Since then I have started discussions with binder Simon Haigh about how my idea of a book displayable in the form of a sort of merry-go-round could be made to work. Simon won the Joint First Prize (The Gwasg Gregynog Prize & John Coleman Trophy) at the Society of Bookbinders International Competition in 2005, and he worked for many years as an assistant to the legendary James Brockman in the UK. We have started looking at a number of options, the front-runner of which has led us into investigating the many and varied forms that magnets take these days! We have a another meeting lined up for the coming week in Oxford and I can then get on with printing the text and images. I have already set all of Anne's poems in 14pt Octavian and can start printing them pretty much straight away. The printed sheets can then go through my A3 Epson inkjet printer for Kurt's images - it's safer that way round: I don't mind messing up sheets with letterpress on them but I do mind messing up sheets with images on them - archival inkjet inks are a terrible price!

Meanwhile, if you are interested in the title, do let us know - the edition will be of just ninety-five copies and only sixty of those will be for sale.


a note about
Long-term plans

What's in the air? 

The Fell types


We have a number of other titles in mind on two of our favourite themes, though not yet at the stage where we can describe work on them. As ever, early news will come out through these newsletters.

Oxford University Press and the Fell types will probably produce one more title in the next two years - we shall be offering it on a subscription basis with a small number of extra copies outside those. If you have bought any of our three OUP- and Fell-related titles in the past you should have received information through the post. If you would like to know more please contact us via the contact form on our website.

We have two more texts on Venice planned for illustrated books. One is Charles Dickens's description of the city in his book Pictures from Italy. Our preference is always for new texts but here, as a taster, is his irresistible description of the interior of St Mark's Basilica:

A grand and dreamy structure, of immense proportions; golden with old mosaics, redolent of perfumes; dim with the smoke of incense; costly in treasure of precious stones and metals, glittering through iron bars; holy with the bodies of deceased saints; rainbow-hued with windows of stained glass; dark with carved woods and coloured marbles; obscure in its vast heights, and lengthened distances; shining with silver lamps and winking lights; unreal, fantastic, solemn, inconceivable throughout.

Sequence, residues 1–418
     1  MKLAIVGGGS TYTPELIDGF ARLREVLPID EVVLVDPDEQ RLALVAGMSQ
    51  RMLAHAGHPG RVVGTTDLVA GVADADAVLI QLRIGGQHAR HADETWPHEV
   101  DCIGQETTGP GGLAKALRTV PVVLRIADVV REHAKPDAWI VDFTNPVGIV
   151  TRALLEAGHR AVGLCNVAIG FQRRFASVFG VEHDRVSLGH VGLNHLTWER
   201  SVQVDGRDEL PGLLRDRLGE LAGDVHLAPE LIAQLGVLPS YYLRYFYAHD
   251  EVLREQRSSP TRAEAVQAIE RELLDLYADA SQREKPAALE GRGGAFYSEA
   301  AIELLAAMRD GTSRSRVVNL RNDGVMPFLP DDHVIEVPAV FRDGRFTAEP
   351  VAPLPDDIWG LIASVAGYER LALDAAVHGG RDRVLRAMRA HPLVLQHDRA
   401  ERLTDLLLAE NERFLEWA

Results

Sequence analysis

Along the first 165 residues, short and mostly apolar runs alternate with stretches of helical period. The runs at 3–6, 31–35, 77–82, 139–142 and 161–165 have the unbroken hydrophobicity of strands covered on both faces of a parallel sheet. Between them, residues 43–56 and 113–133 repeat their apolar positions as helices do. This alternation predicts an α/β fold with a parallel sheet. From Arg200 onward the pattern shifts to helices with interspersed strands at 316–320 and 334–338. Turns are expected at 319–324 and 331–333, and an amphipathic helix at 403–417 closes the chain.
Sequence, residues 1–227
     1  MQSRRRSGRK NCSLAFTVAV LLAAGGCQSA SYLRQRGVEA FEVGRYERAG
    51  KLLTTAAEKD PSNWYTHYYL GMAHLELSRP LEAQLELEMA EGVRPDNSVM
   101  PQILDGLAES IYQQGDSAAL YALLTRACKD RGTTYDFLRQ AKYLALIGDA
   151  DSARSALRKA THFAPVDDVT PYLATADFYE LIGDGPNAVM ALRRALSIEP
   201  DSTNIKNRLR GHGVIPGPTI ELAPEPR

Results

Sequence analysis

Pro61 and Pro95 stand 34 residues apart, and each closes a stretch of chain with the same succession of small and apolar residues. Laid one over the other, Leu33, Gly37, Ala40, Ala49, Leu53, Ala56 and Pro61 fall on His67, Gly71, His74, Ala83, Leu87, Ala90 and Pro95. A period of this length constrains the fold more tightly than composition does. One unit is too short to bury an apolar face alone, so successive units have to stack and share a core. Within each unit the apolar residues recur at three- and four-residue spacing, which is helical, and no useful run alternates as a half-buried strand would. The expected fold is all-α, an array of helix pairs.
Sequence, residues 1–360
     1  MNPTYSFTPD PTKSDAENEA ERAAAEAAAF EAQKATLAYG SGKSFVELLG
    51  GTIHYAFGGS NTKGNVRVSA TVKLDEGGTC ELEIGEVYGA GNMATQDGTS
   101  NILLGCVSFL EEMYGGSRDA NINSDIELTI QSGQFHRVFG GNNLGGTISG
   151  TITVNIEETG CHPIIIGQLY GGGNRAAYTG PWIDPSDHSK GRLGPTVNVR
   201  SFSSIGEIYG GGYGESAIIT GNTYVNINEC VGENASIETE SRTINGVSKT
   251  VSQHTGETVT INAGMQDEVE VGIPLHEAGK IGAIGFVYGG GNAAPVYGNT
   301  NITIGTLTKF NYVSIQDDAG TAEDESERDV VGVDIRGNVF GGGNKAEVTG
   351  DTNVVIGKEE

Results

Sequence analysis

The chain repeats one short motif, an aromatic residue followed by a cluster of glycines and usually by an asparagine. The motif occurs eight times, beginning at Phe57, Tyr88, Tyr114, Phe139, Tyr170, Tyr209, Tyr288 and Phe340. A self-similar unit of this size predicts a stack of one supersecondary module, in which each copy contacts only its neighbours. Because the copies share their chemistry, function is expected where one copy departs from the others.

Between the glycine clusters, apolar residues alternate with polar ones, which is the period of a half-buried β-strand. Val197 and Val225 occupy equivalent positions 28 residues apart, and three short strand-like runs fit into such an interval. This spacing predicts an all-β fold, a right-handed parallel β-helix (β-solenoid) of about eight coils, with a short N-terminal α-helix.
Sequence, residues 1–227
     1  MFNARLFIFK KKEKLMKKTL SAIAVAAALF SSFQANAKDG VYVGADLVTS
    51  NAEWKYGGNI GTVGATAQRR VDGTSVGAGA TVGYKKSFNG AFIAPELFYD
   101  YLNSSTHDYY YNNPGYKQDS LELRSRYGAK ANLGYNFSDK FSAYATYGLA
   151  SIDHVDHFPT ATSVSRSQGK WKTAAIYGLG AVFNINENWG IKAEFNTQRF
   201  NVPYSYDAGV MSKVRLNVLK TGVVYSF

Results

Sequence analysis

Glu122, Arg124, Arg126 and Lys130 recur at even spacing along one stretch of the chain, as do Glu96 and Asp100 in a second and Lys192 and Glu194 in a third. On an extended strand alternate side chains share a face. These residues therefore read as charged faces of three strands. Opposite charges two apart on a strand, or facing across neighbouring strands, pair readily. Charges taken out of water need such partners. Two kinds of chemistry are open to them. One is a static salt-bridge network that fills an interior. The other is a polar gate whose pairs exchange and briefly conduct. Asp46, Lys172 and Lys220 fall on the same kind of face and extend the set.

Where to see us in 2006

The Royal Birmingham Society of Arts
Birmingham, England
26 April - 13 May 2006

The Contemporary Craft Fair
Bovey Tracey, England
9-11 June 2006

Oak Knoll Book Fest
New Castle, Delaware
7-8 October 2006

We plan to be at the Oak Knoll Book Fest as usual in October 2006, but we have also booked for an exhibition of fine presses and a major craft fair in the UK. Besides the Oxford Fine Press Book Fair which is held only every two years, there are no other book fairs in the UK, so we are hoping that a more general craft fair such as the one in Bovey Tracey will give us the chance of seeing new people and hence potential new collectors.

The Royal Birmingham Society of Arts is holding an exhibition of six UK fine presses this Spring and we're delighted to be one of them. This sort of event is relatively unusual in the UK so it's good to have this opportunity of reaching a new audience.

The Contemporary Craft Fair includes 160 craftspeople using a wide range of 'media', though the call for entries mysteriously adds 'no musical instruments' - perhaps the organisers are worried about noise? Anyway, with an expected 6,000 visitors we look forward to meeting some new customers. The date also gives us something to aim for for the two books described above.

Finally, a look back at our trip to the Oak Knoll Book Fair back in October, and before that to the Oxford Fine Press Book Fair in November. (And just for the record, a sad shot of our stand at the 2001 Oxford Fine Press Book Fair!)

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Copyright © Martyn Ould 2006.